Price of Nickel-hydrogen Batteries
Rechargeable batteries offer great chances to target low cost, high capacity and highly reliable systems for large scale energy storage. In nickel-hydrogen batteries, a nickel hydroxide cathode and low-cost electrocatalyst for the anode is used.
But still, these batteries are expensive and is used in limited applications. The estimated cost of the nickel-hydrogen battery is based on active materials reaches as low as approximate $83 per kilowatt-hour, demonstrating attractive characteristics for large scale energy storage. The reason why it has limited applications is because of its high cost; due to this, it is not affordable for everyone to use in any experiments.
It was used only in extensive scale experiments with a considerable budget, for example, telescopes and satellites. This battery is beneficial, but it has a drawback of its price, which limits its applications.
The Explosion of Nickel-hydrogen Batteries
Inadequate work procedures in which a probable cause is the ignition of accumulated hydrogen gas by a spark generated during the replacement work and inadequate ventilation of the battery area; leads the nickel-hydrogen battery to explode.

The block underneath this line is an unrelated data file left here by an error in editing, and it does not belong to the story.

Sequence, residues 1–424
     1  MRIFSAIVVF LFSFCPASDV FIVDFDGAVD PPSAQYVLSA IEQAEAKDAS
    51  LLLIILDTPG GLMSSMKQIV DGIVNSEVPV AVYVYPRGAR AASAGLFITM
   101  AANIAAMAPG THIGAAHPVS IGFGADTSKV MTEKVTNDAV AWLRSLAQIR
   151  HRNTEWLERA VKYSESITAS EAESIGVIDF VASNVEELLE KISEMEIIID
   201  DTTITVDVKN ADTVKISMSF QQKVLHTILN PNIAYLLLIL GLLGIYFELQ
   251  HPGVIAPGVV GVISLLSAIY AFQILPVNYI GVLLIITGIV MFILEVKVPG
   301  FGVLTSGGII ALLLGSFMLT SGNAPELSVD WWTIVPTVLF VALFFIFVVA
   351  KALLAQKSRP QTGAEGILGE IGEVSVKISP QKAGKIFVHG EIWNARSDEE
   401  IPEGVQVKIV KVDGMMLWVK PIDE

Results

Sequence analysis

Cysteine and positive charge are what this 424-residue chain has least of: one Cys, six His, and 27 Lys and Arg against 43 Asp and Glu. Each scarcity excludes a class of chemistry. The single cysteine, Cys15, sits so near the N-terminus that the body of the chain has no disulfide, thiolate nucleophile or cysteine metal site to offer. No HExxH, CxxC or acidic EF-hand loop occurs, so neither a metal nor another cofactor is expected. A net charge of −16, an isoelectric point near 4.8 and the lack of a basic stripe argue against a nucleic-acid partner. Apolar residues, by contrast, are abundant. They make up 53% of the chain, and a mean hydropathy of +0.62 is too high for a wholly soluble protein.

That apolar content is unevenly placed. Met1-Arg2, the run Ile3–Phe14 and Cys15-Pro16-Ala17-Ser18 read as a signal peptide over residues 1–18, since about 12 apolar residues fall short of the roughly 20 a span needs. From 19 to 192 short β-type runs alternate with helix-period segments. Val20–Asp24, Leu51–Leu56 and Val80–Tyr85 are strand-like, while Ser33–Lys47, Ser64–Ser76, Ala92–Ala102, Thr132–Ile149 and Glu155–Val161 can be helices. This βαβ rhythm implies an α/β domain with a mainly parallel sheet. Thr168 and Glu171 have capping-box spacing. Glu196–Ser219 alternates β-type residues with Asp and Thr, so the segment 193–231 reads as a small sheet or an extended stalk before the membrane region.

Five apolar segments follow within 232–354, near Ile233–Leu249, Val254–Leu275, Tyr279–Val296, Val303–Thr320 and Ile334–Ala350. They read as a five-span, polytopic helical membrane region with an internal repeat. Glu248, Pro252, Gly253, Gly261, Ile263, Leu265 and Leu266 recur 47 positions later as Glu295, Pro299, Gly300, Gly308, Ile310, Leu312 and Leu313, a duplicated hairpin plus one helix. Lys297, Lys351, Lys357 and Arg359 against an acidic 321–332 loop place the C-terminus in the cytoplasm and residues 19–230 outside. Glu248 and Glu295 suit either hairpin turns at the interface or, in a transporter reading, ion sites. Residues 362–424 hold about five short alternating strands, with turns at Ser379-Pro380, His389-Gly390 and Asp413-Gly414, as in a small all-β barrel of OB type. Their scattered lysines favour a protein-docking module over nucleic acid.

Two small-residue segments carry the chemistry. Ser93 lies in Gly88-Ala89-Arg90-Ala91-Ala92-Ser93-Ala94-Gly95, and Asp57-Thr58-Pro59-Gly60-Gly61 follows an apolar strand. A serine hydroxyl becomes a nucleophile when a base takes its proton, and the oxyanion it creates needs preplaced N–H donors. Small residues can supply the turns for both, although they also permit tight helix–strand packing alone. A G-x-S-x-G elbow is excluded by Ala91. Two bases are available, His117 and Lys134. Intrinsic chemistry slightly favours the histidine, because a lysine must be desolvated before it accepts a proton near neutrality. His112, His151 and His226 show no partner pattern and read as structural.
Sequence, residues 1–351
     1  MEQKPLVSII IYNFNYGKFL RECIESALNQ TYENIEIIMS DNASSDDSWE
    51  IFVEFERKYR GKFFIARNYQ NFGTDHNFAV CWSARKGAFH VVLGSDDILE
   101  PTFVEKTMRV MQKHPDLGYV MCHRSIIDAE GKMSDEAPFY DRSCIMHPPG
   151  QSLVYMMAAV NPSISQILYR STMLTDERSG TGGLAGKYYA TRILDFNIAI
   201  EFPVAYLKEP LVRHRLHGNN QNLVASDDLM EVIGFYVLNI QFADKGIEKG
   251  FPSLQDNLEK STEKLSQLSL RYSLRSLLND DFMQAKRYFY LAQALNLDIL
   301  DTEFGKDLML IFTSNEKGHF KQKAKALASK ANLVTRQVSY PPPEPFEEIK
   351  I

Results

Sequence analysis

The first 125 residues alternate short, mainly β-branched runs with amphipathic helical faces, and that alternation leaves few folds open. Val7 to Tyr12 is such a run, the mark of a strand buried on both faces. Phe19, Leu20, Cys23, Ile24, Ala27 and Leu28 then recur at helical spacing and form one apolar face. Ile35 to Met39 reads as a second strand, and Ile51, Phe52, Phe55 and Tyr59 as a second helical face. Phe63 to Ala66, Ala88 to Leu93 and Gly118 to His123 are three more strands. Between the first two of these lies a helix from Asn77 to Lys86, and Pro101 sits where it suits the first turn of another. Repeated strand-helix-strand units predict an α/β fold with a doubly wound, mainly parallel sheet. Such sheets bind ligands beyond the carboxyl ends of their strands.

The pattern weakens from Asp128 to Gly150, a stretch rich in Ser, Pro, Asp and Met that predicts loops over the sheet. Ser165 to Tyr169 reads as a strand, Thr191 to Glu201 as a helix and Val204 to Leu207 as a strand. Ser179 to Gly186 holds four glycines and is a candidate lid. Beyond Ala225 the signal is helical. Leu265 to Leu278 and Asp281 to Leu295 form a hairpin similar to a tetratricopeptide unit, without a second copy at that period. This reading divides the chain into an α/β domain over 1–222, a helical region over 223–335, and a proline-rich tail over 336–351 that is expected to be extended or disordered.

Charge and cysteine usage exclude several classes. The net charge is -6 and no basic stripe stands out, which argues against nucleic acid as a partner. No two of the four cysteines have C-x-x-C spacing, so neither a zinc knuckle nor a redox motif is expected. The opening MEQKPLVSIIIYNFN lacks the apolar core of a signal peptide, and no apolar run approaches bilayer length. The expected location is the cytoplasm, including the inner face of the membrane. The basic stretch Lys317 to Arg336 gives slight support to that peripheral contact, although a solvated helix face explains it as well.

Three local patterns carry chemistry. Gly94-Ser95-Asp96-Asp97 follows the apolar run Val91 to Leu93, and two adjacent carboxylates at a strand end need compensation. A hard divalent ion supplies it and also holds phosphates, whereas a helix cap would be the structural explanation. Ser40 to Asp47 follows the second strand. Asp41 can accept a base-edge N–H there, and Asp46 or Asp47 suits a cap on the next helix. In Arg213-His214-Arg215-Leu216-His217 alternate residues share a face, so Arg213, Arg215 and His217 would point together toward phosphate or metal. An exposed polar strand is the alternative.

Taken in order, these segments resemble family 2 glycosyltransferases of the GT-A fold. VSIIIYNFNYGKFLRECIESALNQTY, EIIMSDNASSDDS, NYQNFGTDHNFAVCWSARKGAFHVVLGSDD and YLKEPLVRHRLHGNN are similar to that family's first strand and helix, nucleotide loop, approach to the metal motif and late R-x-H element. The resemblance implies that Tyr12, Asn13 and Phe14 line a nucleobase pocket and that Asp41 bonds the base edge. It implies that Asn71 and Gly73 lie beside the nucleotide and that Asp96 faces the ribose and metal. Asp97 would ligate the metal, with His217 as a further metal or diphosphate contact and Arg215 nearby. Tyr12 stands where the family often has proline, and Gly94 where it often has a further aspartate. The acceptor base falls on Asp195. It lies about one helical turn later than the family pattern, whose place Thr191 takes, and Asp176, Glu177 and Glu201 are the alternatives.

Nickel hydrogen batteries have a low volumetric energy density due to gaseous hydrogen. The hydrogen in these batteries is in gaseous form. That's why these batteries have a very high-pressure rate of approximately 70 bars.
That is why they should be kept sealed. Offices lodging battery charging frameworks need to guarantee the ventilation frameworks are operational and conveying sufficient outside air to appropriately ventilate the fenced in area.
Administrators should know about safe practices and appropriate battery charging guidelines for the nickel-hydrogen batteries they work on. This data should be dispersed to the entirety of the professionals dealing with the batteries and battery charging frameworks.
In 1990, the Hubble telescope dispatched as the primary LEO satellite utilizing nickel-hydrogen batteries, after which nickel-hydrogen batteries were utilized for various LEO missions.
In the amidst of 1980s, the international space station power system was designed with the largest ever series-connected nickel-hydrogen battery, "Orbital Replacement units", to provide energy storage during the LEO eclipse duration. Its first set was launched in 2000.
The ISS Ni-H2 batteries have a life of 6.5 years. The Nickel hydrogen battery technology has been used extensively for at least 30 years. The higher explicit energy contrasted and nickel-cadmium batteries was the primary factor that prompted the conventional utilization of Nickel hydrogen batteries installed all correspondence satellites since the 1990s.
Its only and significant disadvantage is its unaffordable price due to the use of high-cost platinum catalyst. Ni-H2 battery's almost all applications are in the aerospace field.
Today, however, owing to the expected advantages of lithium-ion batteries for space applications, the disappearance of Nih2 technology is expected in the near future. Most satellite producers have effectively adjusted their satellite force frameworks to suit lithium-particle batteries.